I received your email about the tower you are building in the woods with a few Amish masons, and of course I understand that you’ll be unable to notify us as to what classes you’ll be teaching next semester, or when you’ll be available to meet with your advisees. With your permission, I’ll rely on last year’s schedule and again sign you up for two five-person sections of “Lyric Sexuality.” I will also schedule some extra office hours to collect mucous-soaked, germ-infected tissues from each of the vulnerable girls you seem to enjoy mentoring when you are not laying stone.

I want to express my continued admiration for the six-foot square art project you completed on sabbatical in order to “branch out.” It does block the doorway to my office—thank you for your concern—and serves as something of a deterrent when my first-generation scholarship students are waiting for feedback on their Marshall applications, but it poses a powerful intervention in received ideas of “the aesthetic” and “comfort,” as your self-written gallery notes point out.

I know you won’t be able to attend the talk by the visiting scholar/groper/stalker you invited to campus, so I’ll happily shell out $60 for a sitter while I try to keep him from getting so drunk he makes slurs during the broadcast of his lecture on college radio.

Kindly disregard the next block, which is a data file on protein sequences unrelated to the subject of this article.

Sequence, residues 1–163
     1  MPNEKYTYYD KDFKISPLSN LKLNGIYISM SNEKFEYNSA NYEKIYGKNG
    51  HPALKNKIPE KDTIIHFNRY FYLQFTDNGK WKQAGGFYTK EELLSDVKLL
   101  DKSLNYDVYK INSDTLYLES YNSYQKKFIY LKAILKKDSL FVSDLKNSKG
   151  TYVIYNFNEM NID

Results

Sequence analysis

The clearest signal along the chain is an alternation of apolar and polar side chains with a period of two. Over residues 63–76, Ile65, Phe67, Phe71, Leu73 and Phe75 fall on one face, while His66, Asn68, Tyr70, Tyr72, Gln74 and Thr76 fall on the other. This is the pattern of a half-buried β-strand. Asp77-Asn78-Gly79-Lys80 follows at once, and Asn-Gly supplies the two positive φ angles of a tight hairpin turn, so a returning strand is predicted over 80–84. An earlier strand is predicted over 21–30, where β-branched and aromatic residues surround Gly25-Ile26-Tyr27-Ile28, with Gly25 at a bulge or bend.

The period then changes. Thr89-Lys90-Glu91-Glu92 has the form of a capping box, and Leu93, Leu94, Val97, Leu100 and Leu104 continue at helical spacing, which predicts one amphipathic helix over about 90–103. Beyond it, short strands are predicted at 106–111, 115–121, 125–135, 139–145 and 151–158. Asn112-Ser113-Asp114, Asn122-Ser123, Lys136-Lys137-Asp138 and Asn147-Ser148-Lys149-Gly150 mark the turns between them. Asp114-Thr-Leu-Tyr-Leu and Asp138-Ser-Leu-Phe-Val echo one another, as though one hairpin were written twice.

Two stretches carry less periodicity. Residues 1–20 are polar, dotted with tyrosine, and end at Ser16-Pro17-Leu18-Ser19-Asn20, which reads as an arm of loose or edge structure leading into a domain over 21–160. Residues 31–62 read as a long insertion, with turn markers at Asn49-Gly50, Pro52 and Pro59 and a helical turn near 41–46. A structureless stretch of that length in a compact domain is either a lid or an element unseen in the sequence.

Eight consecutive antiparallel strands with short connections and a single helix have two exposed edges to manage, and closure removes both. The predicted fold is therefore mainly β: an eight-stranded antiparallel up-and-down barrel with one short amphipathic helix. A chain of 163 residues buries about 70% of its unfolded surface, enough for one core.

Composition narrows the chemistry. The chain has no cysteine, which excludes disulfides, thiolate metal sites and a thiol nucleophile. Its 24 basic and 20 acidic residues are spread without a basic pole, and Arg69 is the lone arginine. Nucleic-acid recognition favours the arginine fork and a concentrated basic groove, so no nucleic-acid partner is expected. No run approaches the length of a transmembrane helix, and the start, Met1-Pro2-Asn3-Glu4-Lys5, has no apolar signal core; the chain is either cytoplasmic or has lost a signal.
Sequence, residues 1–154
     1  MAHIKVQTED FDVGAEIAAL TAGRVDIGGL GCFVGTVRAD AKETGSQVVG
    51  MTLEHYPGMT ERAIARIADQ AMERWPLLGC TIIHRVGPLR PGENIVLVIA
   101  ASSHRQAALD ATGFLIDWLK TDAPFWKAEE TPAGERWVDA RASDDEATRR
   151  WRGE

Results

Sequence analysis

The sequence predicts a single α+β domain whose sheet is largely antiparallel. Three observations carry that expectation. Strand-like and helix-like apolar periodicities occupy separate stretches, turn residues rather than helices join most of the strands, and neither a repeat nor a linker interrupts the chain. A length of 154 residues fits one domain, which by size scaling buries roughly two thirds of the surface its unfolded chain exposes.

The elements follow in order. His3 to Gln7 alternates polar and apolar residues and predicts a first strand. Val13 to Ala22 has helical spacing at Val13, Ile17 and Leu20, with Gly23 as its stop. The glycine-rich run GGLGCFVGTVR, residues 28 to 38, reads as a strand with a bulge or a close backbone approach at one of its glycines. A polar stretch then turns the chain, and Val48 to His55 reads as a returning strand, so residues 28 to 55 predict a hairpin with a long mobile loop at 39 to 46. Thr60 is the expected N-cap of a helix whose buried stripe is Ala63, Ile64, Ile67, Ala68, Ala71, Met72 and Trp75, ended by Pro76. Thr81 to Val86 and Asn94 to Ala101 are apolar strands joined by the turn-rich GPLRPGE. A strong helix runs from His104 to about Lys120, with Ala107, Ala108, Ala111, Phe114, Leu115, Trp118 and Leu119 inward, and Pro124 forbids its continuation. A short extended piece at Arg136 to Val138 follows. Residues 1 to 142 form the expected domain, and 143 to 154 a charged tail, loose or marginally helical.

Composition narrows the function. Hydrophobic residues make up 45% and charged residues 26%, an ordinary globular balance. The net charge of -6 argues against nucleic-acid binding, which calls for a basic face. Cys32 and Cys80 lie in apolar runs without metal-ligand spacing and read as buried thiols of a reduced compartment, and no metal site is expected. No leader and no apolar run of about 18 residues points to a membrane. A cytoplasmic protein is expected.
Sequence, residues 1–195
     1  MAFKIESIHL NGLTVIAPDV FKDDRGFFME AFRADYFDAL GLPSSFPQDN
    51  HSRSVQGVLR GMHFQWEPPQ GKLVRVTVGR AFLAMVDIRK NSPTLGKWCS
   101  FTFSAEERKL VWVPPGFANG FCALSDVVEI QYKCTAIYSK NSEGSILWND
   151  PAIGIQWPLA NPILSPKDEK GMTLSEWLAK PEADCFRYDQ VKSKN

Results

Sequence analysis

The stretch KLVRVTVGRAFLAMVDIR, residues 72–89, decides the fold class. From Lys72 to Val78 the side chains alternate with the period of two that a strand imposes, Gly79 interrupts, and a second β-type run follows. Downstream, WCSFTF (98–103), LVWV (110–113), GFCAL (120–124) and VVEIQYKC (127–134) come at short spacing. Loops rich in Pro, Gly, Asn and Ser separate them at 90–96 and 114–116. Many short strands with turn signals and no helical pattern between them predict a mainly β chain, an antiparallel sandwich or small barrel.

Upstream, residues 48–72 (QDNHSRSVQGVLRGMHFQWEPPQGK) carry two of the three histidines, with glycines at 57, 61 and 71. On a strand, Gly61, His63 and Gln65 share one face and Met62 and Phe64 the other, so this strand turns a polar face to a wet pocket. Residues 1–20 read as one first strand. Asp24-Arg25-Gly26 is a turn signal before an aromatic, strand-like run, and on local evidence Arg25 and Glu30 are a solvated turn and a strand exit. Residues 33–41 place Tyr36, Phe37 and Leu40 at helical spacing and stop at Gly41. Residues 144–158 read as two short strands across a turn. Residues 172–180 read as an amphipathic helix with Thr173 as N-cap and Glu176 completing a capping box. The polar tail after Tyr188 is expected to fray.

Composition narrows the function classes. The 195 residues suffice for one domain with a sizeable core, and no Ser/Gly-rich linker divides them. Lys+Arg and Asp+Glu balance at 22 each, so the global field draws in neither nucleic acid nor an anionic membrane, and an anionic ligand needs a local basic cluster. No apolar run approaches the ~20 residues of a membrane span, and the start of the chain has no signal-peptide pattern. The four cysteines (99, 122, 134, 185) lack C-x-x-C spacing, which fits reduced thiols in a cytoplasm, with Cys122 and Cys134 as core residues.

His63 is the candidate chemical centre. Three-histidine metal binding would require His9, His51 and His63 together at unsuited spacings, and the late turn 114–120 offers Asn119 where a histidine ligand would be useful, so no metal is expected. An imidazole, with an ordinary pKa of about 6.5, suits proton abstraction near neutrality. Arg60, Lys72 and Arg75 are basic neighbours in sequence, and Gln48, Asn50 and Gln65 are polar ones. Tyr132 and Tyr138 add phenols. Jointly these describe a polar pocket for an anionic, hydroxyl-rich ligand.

I am grateful for your presence at our curriculum meeting. It was kind of you to make fifteen minutes in your busy schedule. I think we were all struck by your objections to the proposal we’ve spent two years crafting, and how you are convinced that the current program, designed by you and some venerable dead people in 1971, should stay in place. The introductory course, “Eating the Strawberry” is still relevant, and still poses a challenge to mainstream ideas of the Nixon era. Speaking of eating, I gather you enjoyed the homemade snacks I provided, since you honored me by eating all of the lemon-scented Madeleines before you had to run to dinner with the university president.

As you recall, you agreed to chair our hiring committee, but since I know you’re “bad with paperwork and deadlines” I will continue to fill out the “administrative paperwork” that amounts to reading and summarizing all 300 applications (or twelve feet of paper) for you. When we meet to discuss candidates, I will count on your voicing your commitment to affirmative action, as well as your support of young men who write about young men, unless they are too talented, in which case you’d prefer a woman who will do all of your committee work.